This guest post was written by Jim Ross, the owner of Jim Ross Consulting, a Political Consulting and Public Relations firm located in Oakland. His firm has run dozens of campaigns including those of Mayor Gavin Newsom (D-SF) and Governor Ted Kulongosk (D-OR).
The first California legislative district draft maps have been released. After months of public testimony, the California Redistricting Commission has unleashed what is being called a political “earthquake” or “tsunami”. What the Commission members have done fundamentally changes the political make-up of California.
You can find the maps posted by the Commission here: http://wedrawthelines.ca.gov/
Redistricting Partners has posted maps and data with descriptions of each district: http://redistrictingpartners.com/citizens-commission-first-drafts/
Meridian Pacific has posted maps with detailed data: http://www.mpimaps.com/
Changes for Oakland
The legislative districts in and around Oakland did not change as significantly as they did in other parts of the State. For the most part Districts were made more geographically compact.
The new districts split Oakland into two State Assembly districts. The majority of the City is combined in a district that includes the City of Alameda and San Leandro. Assemblymember Sandre Swanson currently resides in newly drawn district but he cannot run due to term limits.
Most of Oakland Council District One has been drawn into a district that includes all of Berkeley and runs into Contra Costa County to include part of Richmond. Assemblymember Nancy Skinner, currently resides in the district and she is eligible to run for reelection.
Oakland is joined with most of the western portion of Alameda and Contra Costa County in the State Senate. Senator Loni Hancock currently lives in this district and she is eligible for another term in the State Senate.
With the exception of a very small portion of City Council Districts One and Four all of Oakland is in a Congressional District that includes Berkeley, Richmond and San Leandro. Congresswoman Barbara Lee represents 60% of this District.
WHAT IS NEXT?
We’ve been following the redistricting process closely, and we have been impressed the earnest, hard work put in by the commissioners. They see this process as a partnership between the Commission and the public, and as a group, they listen and care about public input.
If you don’t like how a district is drawn in this first draft, go to a hearing or submit comments on the Commission’s website. The members may not agree with your suggested change, but they will take your thoughts seriously.
The current maps are a first draft and they will change. In some cases those changes could be significant. From remarks made by commissioners during the hearing to release the maps and by groups afterward, we have some initial impressions about what changes the Commission might be considering and what important issues that still need to be decided.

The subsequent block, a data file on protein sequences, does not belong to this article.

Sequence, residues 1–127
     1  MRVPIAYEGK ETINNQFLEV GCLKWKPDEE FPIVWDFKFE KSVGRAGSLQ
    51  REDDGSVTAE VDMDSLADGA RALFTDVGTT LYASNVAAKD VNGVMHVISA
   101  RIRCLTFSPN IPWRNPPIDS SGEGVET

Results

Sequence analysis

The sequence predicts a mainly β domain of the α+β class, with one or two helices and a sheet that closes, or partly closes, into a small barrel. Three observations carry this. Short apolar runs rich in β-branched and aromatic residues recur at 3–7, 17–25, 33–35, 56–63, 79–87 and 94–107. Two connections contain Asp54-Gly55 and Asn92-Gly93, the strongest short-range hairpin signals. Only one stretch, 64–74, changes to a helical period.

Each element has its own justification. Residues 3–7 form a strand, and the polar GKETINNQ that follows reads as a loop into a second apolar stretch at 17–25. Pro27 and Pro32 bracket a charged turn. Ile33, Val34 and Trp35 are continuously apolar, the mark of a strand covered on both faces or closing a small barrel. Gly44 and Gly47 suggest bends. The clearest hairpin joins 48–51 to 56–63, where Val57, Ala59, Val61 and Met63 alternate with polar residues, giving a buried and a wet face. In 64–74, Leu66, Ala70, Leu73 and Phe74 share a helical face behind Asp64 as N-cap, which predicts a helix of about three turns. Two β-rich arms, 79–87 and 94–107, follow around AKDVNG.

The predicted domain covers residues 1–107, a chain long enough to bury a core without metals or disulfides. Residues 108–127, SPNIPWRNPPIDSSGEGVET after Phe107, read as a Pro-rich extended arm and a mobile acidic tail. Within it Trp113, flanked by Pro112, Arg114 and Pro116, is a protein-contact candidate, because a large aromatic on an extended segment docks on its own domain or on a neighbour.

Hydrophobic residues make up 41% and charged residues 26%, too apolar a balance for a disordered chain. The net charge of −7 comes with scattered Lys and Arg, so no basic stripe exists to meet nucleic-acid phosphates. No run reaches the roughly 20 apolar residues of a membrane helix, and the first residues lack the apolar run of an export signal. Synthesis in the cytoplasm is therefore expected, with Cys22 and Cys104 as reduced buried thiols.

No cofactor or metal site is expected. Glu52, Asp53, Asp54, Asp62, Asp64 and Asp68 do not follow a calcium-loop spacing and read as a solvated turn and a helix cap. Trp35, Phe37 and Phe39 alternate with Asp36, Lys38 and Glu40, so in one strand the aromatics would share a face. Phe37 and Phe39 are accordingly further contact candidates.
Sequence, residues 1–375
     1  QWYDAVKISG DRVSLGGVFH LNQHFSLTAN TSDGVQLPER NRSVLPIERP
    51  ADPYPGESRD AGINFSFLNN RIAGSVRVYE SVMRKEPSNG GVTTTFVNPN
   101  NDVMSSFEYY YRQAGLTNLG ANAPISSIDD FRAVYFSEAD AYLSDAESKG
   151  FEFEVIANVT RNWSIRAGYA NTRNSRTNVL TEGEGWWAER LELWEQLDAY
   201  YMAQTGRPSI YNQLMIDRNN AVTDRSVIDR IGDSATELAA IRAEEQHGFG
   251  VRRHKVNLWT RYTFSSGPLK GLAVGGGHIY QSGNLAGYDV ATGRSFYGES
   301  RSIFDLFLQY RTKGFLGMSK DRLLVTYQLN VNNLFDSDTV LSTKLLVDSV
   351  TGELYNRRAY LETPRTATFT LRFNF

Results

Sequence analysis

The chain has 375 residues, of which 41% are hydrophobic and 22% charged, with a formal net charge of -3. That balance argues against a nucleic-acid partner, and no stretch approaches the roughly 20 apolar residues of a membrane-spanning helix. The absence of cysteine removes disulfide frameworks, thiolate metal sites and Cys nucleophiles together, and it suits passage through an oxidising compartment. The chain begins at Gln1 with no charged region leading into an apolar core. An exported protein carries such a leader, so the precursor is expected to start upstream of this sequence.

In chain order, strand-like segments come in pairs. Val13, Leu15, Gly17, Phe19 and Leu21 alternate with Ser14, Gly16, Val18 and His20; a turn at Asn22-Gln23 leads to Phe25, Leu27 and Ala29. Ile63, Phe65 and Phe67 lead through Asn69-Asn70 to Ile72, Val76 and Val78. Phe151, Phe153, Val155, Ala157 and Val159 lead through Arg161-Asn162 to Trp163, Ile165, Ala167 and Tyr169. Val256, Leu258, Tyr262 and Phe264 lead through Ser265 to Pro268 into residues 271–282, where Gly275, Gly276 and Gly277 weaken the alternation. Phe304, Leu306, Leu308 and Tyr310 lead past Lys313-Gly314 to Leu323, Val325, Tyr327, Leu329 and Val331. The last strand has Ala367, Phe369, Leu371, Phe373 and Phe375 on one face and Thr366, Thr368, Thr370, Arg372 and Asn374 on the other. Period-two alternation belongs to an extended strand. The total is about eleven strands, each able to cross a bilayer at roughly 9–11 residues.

District Numbers: One of the most important next steps will be the numbering of districts, especially State Senate Districts, since this will determine when legislators must face their next election.
The configuration of the “North Coast District” that runs from Marin County to the Oregon Border: Congresswoman Lynn Woolsey has been a harsh critic of this proposed district, as have many others in Marin and Sonoma Counties. The Commission stated when releasing these maps that it would consider this input before the next set of maps is released in July. Congresswoman Woolsey’s public position on this process is of note. She is one of very few elected officials who have expressed an opinion during this process. The positive reaction of the Commission might encourage other elected officials to make their positions know.
Fremont split: The Santa Clara Congressional District that splits the city of Fremont will also be on the Commission’s agenda in the next round of this process.
Hispanic voters: The Commission will also have to improve the representation of Hispanic voters in Congress. Over the past ten years, California has added more than 3 million Hispanic voters, but Hispanic representation is unlikely to increase significantly under this draft plan.
WHAT YOU SHOULD BE DOING
Now is the time to get involved. If you like or don’t like the current maps, your opinion and the opinion of your group matters. Here are a few thoughts on how best to express your opinion:
The more specific an issue and a proposed change the more seriously it will be taken. The Commission will get thousands of comments, and specific, data driven testimony and comments will be more persuasive than general thoughts and ideas.
Commission members are not politicians, they are concerned citizens who are working hard and doing the best they can.
Get support from others
A key criterion of the Commission is “Communities of Interest”, so you must demonstrate that a real community of interest supports your change.
These maps will change, but you can help drive that change by getting involved now.
Here’s info on how to share your thoughts from the Redistricting Commission website:
To submit a public comment to the commission, call us toll free at 1-866-356-5217 or send us an e-mail directly to firstname.lastname@example.org.
The California Citizens Redistricting Commission is eager to accept your supplemental attachments. The following file formats are supported: .pdf and .jpg. Files not submitted in this format will not be posted on the Public Comments page.
Citizens Redistricting Commission
901 P Street, Suite 154-A
Sacramento, CA 95814
Fax: (916) 651-5711